Moreover, those arguing that the FCC cannot use Section 224 of the Communications Act mischaracterized the D.C. Circuit’s holding in Mozilla. The opinion makes clear that the D.C. Circuit would support the Commission’s rationale to use Section 224 so long as the carrier provides both telecommunications services and BIAS. Given that almost all carriers building out 5G networks will provide both telecommunications services and BIAS, the FCC can promulgate rules with the full statutory force of Section 224 to promote pole attachments irrespective of how it classifies broadband.

Lifeline Providers Can Now Provide Zero Rating Services without Fear of Violating the FCC’s Internet Conduct Rule

Lifeline is a subset of an FCC subsidy program under the Universal Service Fund (USF) to provide subsidized telephony or broadband services to low-income recipients. The Commission’s reclassification of broadband services under the 2018 RIF Order now opens up the opportunity for carriers that qualify as a Lifeline services provider to enter into procompetitive zero-rating arrangements without threat of potential FCC enforcement actions for violating the Internet Conduct Rule (ICR). Zero-rating data plans allow carriers to enter into arrangements with edge-providers (e.g., Google, Facebook, etc.) to subsidize various IP-based applications to their customers without affecting the customer’s data cap. Under the Title II Order, the FCC maintained a mercurial position on zero-rating data plans, which added much uncertainty on whether stakeholders could engage in such arrangements without violating its ICR. The 2018 RIF Order now permits the market to decide whether these plans benefit consumers or not, which could be particularly helpful for low-income users using Lifeline-subsidized services. Given that over ninety percent (90%) of Lifeline recipients use the subsidy for mobile services, such an arrangement would go a long way in stretching every dollar from the USF for Lifeline recipients. For example, if Safelink Wireless entered into a zero-rating arrangement with job-finding apps, like ZipRecruiter, or life-saving healthcare apps, like AirStrip, it would allow those Lifeline recipients to access those applications without having to worry that they will exceed their $9.25 per month allotment or run out of data.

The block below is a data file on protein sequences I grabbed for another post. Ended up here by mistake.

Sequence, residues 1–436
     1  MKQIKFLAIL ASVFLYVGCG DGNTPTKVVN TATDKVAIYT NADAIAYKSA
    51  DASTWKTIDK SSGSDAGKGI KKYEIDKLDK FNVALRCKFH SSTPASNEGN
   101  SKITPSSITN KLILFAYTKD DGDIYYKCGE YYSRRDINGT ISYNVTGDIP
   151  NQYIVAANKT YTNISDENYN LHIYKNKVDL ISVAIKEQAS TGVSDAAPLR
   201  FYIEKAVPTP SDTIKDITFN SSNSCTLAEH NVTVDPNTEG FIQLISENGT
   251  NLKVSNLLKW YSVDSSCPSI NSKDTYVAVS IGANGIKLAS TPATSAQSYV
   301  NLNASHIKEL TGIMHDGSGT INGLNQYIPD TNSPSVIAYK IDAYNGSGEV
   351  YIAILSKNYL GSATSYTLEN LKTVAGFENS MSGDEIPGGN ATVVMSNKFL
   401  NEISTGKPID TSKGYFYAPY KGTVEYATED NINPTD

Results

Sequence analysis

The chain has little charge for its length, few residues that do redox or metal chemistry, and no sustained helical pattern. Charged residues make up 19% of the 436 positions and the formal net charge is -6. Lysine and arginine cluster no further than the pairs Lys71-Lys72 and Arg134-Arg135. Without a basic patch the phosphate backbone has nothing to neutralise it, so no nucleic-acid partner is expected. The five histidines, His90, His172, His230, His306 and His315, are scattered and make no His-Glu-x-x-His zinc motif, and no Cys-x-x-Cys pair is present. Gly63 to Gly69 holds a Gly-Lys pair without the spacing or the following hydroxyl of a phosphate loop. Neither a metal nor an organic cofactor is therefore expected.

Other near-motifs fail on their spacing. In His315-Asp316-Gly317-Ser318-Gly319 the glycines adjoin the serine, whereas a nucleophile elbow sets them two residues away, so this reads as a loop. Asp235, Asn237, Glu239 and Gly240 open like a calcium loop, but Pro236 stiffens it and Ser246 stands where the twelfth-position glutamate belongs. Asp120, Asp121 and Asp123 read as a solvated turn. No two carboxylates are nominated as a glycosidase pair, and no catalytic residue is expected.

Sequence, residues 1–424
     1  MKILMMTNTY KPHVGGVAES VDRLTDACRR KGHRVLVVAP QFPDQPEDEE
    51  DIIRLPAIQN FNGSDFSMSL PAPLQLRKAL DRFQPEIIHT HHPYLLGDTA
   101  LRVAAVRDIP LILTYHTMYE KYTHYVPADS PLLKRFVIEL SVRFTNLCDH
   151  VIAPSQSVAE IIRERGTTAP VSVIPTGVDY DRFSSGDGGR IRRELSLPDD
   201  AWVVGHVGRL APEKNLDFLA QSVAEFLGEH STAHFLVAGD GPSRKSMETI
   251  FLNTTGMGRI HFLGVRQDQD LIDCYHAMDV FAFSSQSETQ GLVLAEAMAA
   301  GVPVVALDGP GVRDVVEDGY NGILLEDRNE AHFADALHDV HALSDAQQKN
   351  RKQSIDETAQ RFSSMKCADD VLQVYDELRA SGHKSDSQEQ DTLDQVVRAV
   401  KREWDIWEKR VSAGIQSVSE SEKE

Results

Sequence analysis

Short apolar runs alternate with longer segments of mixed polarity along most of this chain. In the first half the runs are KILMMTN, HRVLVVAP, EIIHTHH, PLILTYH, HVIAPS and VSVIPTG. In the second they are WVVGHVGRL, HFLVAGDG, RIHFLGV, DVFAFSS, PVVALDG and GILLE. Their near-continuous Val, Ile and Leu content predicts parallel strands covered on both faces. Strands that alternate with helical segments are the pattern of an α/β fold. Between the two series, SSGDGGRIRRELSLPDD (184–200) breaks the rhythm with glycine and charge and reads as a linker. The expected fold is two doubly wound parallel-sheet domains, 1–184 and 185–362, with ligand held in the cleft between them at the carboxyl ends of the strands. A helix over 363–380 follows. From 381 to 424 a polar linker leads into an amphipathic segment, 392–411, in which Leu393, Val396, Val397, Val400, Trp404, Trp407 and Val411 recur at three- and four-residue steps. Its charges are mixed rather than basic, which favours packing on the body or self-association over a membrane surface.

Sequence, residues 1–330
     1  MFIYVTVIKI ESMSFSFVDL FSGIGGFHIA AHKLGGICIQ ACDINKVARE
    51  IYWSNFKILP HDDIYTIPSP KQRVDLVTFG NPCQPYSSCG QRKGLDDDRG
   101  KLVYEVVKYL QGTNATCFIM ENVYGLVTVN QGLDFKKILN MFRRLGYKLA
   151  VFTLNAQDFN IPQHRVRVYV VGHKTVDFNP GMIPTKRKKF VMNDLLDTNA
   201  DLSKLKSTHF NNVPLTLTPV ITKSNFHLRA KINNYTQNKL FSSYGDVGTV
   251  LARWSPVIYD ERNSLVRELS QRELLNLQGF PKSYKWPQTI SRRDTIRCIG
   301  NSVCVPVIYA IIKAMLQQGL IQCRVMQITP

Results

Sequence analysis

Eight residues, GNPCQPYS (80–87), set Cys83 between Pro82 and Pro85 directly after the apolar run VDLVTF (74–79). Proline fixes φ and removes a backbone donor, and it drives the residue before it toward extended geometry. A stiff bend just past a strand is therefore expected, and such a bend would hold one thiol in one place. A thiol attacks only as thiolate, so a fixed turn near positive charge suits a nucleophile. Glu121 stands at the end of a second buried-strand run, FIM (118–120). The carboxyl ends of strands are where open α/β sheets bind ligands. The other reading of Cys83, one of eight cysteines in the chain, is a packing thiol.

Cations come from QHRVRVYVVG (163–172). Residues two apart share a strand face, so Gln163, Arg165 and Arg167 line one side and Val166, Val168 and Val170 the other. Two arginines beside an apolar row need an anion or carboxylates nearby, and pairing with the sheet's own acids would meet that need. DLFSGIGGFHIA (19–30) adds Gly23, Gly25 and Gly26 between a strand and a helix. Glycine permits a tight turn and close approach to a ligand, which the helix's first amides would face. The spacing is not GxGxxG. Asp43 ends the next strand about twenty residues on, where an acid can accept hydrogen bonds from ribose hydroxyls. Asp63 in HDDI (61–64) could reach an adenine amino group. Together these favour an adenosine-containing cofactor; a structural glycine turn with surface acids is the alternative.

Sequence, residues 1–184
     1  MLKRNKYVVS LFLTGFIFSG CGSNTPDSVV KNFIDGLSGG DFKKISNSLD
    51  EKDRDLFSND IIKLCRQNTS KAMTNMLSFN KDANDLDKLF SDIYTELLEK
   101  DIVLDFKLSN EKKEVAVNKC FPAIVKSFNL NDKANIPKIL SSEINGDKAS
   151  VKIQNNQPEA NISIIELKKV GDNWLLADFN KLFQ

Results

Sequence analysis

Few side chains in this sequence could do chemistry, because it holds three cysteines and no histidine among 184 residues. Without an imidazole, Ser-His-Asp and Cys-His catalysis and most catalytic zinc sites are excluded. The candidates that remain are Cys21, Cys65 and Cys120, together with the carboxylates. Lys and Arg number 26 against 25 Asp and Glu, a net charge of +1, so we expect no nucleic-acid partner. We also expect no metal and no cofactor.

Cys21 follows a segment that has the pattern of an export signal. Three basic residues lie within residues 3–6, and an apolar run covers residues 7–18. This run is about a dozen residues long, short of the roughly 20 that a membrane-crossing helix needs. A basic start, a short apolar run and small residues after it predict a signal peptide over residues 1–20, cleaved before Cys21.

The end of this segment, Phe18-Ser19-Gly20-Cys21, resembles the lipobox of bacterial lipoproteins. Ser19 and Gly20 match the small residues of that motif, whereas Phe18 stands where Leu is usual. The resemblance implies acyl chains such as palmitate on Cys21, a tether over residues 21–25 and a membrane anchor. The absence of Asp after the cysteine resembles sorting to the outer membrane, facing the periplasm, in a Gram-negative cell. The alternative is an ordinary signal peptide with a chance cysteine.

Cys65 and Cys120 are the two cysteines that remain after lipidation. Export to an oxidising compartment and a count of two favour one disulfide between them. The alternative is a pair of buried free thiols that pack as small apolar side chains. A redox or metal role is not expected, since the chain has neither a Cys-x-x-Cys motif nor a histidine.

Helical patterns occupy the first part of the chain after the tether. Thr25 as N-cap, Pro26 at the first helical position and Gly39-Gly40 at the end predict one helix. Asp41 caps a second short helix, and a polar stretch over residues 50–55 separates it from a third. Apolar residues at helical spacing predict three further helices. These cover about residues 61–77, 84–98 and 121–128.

However, some commenters claimed that, without Title II, the Commission had no authority to include BIAS in its Lifeline program. The record and case law clearly demonstrates that this notion is categorically false as the FCC has included standalone broadband as part of a Lifeline service well before it even promulgated its Title II Order in 2015. Moreover, in 2014, the courts endorsed the Commission using Section 254 of the Communications Act as a reliable source of statutory authority irrespective of BIAS’s classification.  In 2014, the 10th Circuit held in In re 11-161 that Section 254(e) imposed no limit on the Commission to use USF for telephony services only. Instead, Section 254(e) only limits the Commission’s authority to an eligible telecommunications “carrier,” not the service they may provide. In fact, Section 254(e) of the Communications Act makes no mention of a particular service at all; it only states that the Commission “shall use that support only for the provision, maintenance, and upgrading of facilities and services for which the support is intended [emphasis added].” Given this broad statutory statement and the D.C. Circuit’s acknowledging in Mozilla that carriers can provide both telecommunications and information services, the statute leaves enough ambiguity for the Commission to reasonably intend its USF support to go to standalone BIAS regardless of its classification as an information service. Thus, any argument to the contrary seems to ignore the relevant legal precedent at issue.

As outlined here, the 2018 RIF Order is not only lawful but necessary to promote the three (3) stated policy objectives listed above.

Tags:

Image
Name
Designation
Short Description
Social Links
Dan Lips
Director of Cyber and National Security
Grace Meyer
Head of Development
Garret Johnson Lincoln Executive Director
Garrett Johnson
Co-Founder and Executive Director
Zach Graves
Head of Policy
Sean Roberts
Chief Technologist
Alexiaa Jordan
Policy Analyst
J. Scott McKaig
CFO and General Counsel